How Can SOPA/PIPA Affect Non-Profits?

The Final Frontier . . . The Information Superhighway . . .  The World Wide Web . . .  The Place Where Cute Cat Videos Reside.

Call it what you will, but the Internet as you know it might change drastically after Tuesday, January 24, 2012. On this date, the Protect IP Act (PIPA) goes up for vote in the Senate. If it passes, censorship will have a permanent home on the Internet. PIPA is the Senate bill of the more publicized SOPA bill that was in the House, both have to do with censoring the Internet.

What are PIPA and SOPA? What does this have to do with the non-profit world?

Well, let’s take a closer look.

The main idea behind both PIPA and SOPA is to stop online piracy and ensure that content creators get benefits (mainly monetary) for their work. While this sounds pretty fair, it’s the enforcement of the bill that upon further inspection has people concerned. A recent TechCrunch article does a nice job explaining the issue:

“The big problem with SOPA is in the way it is supposed to be enforced, namely by blocking domain-name system (DNS) servers of copyright-infringing websites. But DNS servers are a basic technical component of the Internet (they translate site names like into numerical IP addresses computers can understand better). Once you start messing with DNS, all sorts of unintended problems arise.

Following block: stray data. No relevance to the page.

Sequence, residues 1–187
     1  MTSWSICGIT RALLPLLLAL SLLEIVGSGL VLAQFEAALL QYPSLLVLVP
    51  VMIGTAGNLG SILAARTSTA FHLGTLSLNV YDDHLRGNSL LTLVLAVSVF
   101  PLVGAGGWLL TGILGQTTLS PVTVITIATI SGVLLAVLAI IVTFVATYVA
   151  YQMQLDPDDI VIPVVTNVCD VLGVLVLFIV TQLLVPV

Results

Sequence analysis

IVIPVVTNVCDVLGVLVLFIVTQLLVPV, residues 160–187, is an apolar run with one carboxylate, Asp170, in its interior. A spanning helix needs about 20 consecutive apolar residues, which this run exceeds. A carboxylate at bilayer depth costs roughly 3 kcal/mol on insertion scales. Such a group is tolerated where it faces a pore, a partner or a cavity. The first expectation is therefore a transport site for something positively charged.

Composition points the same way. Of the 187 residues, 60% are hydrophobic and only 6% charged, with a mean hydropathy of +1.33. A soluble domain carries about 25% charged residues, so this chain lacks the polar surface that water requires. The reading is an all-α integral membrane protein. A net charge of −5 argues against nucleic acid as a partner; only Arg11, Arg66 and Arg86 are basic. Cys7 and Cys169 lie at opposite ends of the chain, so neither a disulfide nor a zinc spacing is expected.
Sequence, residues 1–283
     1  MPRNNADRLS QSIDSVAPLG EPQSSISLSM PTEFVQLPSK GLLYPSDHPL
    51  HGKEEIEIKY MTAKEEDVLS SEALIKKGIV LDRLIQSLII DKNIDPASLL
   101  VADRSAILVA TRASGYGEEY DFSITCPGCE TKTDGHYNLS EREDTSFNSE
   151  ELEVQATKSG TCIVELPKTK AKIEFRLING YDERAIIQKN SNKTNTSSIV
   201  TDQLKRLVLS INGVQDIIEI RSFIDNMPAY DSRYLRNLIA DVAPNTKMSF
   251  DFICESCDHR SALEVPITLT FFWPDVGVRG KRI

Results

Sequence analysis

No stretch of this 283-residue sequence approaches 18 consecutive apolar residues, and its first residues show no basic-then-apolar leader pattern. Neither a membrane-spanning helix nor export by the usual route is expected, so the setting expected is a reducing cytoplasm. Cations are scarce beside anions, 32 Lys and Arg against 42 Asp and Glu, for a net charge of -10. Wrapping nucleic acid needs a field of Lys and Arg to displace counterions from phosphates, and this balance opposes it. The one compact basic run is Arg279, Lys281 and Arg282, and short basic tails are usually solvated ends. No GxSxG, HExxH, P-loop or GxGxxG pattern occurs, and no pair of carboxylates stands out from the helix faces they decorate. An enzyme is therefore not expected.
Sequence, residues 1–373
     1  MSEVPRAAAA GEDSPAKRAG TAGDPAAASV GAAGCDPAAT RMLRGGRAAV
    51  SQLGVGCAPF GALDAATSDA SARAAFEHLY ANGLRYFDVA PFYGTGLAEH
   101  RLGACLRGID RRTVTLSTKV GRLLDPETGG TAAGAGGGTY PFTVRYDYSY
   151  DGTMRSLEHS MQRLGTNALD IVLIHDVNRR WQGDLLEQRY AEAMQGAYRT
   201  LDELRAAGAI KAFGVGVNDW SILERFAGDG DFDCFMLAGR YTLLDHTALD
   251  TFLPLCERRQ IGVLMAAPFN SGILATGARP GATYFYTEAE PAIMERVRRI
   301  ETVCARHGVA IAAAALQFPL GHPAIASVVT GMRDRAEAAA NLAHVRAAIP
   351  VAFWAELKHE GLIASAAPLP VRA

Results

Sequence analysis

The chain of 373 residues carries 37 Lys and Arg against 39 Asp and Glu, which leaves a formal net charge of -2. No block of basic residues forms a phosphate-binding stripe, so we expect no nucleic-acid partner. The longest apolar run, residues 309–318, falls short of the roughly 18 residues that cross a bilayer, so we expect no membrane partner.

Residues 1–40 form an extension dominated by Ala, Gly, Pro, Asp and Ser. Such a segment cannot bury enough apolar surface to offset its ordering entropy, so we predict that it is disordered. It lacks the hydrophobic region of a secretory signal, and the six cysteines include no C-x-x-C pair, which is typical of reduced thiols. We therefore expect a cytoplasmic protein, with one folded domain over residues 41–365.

Blocking DNS without a full adversarial hearing in a courtroom raises the potential for censoring speech and other lawful activities. It is also the same method China uses to block “offending” content from China’s Internet.”

Furthermore, Ars Technica explains that passage of PIPA encourages online companies to act independently of the court system.

“The PROTECT IP Act goes even further than forcing these intermediaries to take action after a court order; it actively encourages them to take unilateral action without any sort of court order at all.”

So what does this have to do with the non-profit world?

Since there is currently no definition of what an “intellectual property right infringement” might be, your site could get cited under SOPA or PIPA because of links you’ve included in your online newsletter or stories on your website. If your agency gets cited, donors and supporters who might be trying to find you online via Google or other search engines wouldn’t be able to see you in their search results.